Monday, November 28, 2011

Icky Sticky Bubble Gum

Ever gotten a really annoying song stuck in your head? Well, I have a new one that plagues my already frightening brain. Tonight, Sara asked Christian what he did in school today. He proudly burst into his new song, "Icky Sticky Bubble Gum" like the Phantom of the Opera. Sara found this little ditty amusing so they started singing a duet. They invented hand moves to go along with this tuneless ditty. It was a noisy but fun drive. I didn't mind the noise because they were not fighting for a change.

As the older sister, Sara has two modes of dealing with her pesky little "bother". She can be incredibly loving, supportive and kind to him. Or she treats him like a prisoner of war who was put in this Earth and in this family for the sole purpose of torturing her endlessly. They were so cute tonight, laughing and being silly. She asked him dozens of questions about school - who he plays with, what he learned, what he likes best. He lights up when she plays with him. He will ham it up just to keep her entertained. He thrives on her compliments.

Their other new favorite game is "school". Not surprisingly, Sara is the teacher. She teaches a lesson/lecture. Sometimes he sits still. Other times he wanders around the "classroom". Then she administers a written or oral test. She is a tough grader. Answers are right or (usually) wrong with no negotiation. She gets very frustrated when he giggles and won't listen. He has flunked preschool 7 times so far. I hope all this home academia gives her some insight into how hard her teacher works. Her topics of choice are usually big cats, art, and science (things that the average 3 year is happlily oblivious about). Sara is determined to turn him into a little big cat expert so she can have a sidekick. I think she wants a human shield for her planned African safari when she turns 12. (That is the age she decided was appropriate).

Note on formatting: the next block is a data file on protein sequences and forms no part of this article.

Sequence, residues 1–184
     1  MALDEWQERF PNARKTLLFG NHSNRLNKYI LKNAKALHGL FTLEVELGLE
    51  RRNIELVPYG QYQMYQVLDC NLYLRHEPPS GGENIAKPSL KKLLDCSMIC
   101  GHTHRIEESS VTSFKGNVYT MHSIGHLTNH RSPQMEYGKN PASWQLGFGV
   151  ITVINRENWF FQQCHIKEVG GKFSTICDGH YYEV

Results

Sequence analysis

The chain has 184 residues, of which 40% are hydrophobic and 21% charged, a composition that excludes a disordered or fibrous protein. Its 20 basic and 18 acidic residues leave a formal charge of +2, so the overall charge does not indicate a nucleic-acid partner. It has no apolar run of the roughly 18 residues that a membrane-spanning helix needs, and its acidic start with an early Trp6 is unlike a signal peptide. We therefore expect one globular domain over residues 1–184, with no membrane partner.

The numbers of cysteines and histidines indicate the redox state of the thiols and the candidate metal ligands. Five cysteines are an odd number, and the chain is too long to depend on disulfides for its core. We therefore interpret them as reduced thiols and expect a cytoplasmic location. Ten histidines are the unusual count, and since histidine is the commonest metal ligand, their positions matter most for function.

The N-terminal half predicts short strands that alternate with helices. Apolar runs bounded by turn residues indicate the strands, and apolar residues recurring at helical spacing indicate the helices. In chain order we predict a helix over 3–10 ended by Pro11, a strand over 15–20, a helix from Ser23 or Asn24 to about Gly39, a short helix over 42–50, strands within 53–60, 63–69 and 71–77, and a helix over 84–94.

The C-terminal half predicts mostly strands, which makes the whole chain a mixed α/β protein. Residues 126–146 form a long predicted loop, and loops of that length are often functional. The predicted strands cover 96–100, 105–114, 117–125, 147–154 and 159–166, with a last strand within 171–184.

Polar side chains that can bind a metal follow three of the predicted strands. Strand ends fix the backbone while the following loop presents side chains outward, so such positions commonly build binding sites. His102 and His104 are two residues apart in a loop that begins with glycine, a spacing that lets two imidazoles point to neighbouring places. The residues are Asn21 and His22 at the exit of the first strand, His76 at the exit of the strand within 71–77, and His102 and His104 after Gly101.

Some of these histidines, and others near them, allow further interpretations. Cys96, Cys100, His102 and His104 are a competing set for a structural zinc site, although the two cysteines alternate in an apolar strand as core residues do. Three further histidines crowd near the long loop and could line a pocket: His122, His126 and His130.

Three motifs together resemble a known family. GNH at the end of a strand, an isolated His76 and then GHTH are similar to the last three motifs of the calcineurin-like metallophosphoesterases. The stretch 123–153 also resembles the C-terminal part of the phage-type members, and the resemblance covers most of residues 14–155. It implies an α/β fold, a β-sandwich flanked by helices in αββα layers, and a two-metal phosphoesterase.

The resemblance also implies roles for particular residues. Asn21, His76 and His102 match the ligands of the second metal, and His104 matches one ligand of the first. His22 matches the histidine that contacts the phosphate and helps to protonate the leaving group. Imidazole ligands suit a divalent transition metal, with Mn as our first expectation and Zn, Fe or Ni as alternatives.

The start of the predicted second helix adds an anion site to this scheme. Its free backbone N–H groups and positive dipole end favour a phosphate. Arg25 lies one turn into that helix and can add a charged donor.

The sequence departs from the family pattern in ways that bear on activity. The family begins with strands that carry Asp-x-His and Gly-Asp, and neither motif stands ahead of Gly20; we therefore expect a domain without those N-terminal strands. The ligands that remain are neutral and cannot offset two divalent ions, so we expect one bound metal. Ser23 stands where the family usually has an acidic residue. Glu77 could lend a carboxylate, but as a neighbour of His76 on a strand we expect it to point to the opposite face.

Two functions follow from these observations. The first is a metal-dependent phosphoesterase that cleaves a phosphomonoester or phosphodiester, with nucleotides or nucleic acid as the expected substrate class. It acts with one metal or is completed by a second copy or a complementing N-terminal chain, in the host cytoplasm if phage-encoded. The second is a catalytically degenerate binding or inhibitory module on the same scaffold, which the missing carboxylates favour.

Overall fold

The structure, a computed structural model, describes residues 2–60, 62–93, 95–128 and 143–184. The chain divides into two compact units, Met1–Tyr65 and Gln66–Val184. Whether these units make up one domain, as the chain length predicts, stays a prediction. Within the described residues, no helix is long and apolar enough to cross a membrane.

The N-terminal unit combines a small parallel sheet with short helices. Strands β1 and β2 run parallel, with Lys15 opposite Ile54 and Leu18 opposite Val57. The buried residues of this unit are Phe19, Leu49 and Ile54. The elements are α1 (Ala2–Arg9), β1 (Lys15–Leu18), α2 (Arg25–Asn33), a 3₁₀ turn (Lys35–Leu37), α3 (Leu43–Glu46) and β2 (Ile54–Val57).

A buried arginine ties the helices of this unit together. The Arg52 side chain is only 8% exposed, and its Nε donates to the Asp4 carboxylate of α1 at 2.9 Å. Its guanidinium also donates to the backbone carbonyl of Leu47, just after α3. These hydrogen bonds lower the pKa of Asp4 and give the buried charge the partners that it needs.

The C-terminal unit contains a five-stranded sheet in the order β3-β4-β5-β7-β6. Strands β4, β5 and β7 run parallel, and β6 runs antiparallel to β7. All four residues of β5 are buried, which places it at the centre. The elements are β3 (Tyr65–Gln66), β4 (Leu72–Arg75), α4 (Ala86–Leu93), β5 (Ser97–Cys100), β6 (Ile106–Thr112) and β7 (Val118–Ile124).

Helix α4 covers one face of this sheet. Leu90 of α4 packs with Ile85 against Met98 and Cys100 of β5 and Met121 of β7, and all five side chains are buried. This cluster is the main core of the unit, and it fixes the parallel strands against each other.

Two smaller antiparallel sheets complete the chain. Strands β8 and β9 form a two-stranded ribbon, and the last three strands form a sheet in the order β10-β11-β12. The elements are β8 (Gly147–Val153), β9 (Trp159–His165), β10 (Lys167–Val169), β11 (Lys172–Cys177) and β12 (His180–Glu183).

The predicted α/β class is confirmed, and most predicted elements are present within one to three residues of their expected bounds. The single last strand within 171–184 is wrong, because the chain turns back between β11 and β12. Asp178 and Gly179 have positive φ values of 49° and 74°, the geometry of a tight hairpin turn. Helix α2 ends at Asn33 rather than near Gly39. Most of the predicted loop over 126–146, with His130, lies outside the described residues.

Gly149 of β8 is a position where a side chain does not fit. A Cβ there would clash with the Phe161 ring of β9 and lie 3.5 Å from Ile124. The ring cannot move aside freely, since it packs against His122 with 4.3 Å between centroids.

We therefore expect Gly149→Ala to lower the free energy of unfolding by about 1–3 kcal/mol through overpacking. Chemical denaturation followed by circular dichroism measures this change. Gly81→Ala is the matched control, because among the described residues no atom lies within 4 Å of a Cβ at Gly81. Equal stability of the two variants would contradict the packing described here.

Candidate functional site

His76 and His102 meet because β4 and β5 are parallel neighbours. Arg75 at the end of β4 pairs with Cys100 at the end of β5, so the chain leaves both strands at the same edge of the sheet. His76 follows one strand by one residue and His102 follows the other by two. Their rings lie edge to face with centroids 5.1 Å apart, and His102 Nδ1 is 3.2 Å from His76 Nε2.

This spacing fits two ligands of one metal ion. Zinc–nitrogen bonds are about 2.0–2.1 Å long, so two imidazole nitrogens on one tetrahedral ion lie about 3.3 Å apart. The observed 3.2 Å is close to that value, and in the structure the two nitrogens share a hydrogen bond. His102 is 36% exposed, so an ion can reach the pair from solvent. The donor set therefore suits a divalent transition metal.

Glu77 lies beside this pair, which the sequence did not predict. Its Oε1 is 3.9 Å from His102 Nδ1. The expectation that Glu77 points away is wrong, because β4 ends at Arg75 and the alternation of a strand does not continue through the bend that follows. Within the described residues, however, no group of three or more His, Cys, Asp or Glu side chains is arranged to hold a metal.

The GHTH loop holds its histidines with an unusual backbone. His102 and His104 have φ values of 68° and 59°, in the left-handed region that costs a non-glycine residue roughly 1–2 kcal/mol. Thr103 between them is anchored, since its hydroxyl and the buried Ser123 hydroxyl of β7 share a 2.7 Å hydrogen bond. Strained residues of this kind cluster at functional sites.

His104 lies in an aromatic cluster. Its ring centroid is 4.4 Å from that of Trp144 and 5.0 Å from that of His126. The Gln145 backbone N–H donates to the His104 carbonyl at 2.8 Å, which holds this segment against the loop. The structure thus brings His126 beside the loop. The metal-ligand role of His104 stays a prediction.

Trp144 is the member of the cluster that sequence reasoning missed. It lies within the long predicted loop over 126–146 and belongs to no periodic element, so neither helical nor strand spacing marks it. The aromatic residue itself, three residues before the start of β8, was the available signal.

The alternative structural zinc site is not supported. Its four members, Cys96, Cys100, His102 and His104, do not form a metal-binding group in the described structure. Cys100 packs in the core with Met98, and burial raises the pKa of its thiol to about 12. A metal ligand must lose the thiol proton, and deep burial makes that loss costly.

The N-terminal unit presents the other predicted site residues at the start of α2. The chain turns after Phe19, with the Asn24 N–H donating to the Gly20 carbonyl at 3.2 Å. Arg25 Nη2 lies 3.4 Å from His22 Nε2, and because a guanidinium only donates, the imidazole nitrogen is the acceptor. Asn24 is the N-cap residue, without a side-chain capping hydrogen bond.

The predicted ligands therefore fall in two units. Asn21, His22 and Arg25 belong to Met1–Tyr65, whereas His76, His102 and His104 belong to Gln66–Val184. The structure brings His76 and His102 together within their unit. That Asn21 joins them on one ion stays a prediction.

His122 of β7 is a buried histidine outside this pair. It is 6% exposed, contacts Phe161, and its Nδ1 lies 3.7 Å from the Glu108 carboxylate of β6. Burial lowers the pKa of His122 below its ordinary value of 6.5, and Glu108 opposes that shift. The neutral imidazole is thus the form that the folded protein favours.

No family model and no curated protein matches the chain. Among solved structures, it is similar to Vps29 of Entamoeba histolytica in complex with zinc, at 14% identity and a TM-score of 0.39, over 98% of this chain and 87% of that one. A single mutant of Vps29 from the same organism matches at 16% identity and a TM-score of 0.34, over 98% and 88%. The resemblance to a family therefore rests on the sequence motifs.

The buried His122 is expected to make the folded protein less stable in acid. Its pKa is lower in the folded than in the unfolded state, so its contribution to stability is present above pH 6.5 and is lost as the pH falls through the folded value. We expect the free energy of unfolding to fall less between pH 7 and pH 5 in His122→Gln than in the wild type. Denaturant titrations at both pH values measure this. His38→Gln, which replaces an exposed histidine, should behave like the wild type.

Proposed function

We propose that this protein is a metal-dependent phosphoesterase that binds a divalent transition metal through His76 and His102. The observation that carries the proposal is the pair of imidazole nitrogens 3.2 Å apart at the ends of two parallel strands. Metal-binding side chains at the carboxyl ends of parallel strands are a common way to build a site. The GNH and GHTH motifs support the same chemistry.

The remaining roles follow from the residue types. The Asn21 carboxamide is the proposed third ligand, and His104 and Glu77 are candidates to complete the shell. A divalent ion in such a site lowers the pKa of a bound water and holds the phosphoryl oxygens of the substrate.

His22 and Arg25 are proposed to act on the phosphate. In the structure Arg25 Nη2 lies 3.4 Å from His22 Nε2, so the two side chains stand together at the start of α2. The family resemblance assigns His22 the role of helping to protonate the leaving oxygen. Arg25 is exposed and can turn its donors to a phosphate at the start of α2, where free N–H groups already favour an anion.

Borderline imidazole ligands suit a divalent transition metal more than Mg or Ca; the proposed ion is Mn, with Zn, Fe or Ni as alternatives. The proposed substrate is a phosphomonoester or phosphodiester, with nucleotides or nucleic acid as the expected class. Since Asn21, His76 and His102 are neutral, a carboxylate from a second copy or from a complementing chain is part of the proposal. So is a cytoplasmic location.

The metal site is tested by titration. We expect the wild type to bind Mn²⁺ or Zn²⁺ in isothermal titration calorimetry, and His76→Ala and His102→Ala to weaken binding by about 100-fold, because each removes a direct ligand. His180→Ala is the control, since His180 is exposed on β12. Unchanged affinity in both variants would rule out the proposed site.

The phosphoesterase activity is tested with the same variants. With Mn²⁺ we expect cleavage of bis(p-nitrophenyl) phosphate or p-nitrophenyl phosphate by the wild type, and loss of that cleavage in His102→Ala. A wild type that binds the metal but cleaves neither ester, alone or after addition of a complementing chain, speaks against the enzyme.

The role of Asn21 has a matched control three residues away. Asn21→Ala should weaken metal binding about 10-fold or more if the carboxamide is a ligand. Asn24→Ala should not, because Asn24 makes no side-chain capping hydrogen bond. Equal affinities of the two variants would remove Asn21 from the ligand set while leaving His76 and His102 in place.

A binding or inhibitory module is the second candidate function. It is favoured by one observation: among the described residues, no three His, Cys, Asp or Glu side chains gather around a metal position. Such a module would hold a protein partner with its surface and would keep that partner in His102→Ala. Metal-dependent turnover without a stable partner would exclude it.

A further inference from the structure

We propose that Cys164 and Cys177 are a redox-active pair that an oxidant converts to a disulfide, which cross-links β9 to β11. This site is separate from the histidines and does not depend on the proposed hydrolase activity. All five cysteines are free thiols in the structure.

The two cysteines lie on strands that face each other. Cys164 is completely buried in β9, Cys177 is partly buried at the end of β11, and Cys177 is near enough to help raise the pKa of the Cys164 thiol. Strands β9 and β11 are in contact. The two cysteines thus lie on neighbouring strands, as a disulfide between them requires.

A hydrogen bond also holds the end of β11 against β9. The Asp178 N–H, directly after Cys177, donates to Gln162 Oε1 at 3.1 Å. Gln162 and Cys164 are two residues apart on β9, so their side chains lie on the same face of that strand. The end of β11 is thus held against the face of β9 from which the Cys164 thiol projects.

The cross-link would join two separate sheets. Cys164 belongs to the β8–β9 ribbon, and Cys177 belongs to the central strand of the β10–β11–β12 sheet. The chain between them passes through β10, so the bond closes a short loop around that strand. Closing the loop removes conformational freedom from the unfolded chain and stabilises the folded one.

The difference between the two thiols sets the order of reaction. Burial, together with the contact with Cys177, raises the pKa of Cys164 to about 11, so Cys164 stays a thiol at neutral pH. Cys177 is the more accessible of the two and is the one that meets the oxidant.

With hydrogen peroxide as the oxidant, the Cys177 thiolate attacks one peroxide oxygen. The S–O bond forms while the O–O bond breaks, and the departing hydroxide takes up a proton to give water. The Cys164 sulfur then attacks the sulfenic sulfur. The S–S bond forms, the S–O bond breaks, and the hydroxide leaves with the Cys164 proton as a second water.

I hope he eventually graduates preschool. Maybe she should be his potty training teacher.

Wednesday, November 23, 2011

School lunch with a preschooler

Sometimes to shake up our rather mundane lives, we like to surprise Sara at school and join her for lunch. For a 3 year old, this is the big leagues. While we wait in the lobby, Christian is very busy running up and down the handicapped ramp and talking to the frig statue. Why the school has a statue of a frog is a question I never asked. Heaven help the kid in a wheelchair who actually needs the ramp for it's intended purpose. Then he has to greet all the pretty girls with his standard pick up line of "I have 2 blue eyes". While we eat lunch with Sara and her friends, he becomes the new Regis Philbin. He can chat up anyone and has a ton of witty anecdotes. On our way out of the school, he imparts some wisdom to the principal then proceeds to find and jump into every puddle he can find. Then he has the nerve to be offended when he gets wet. Maybe I should have avoided drawing attention to the puddles. As soon as I said "watch out for puddles, buddy", he immediately focused in on them with laser beam focus and made Shamu-worthy splashes. For an all-boy kid, he can be a prima donna about getting wet or dirty. If his hands get smudges or sticky, he has a diva-like fit. At what age do they put cause and effect together? You splash with all your might into a puddle, you will get wet. If you get wet, you will be uncomfortable. Who is the bigger moron? You or your mom for being surprised when you act like a big hypocrite and jump into the damn puddle?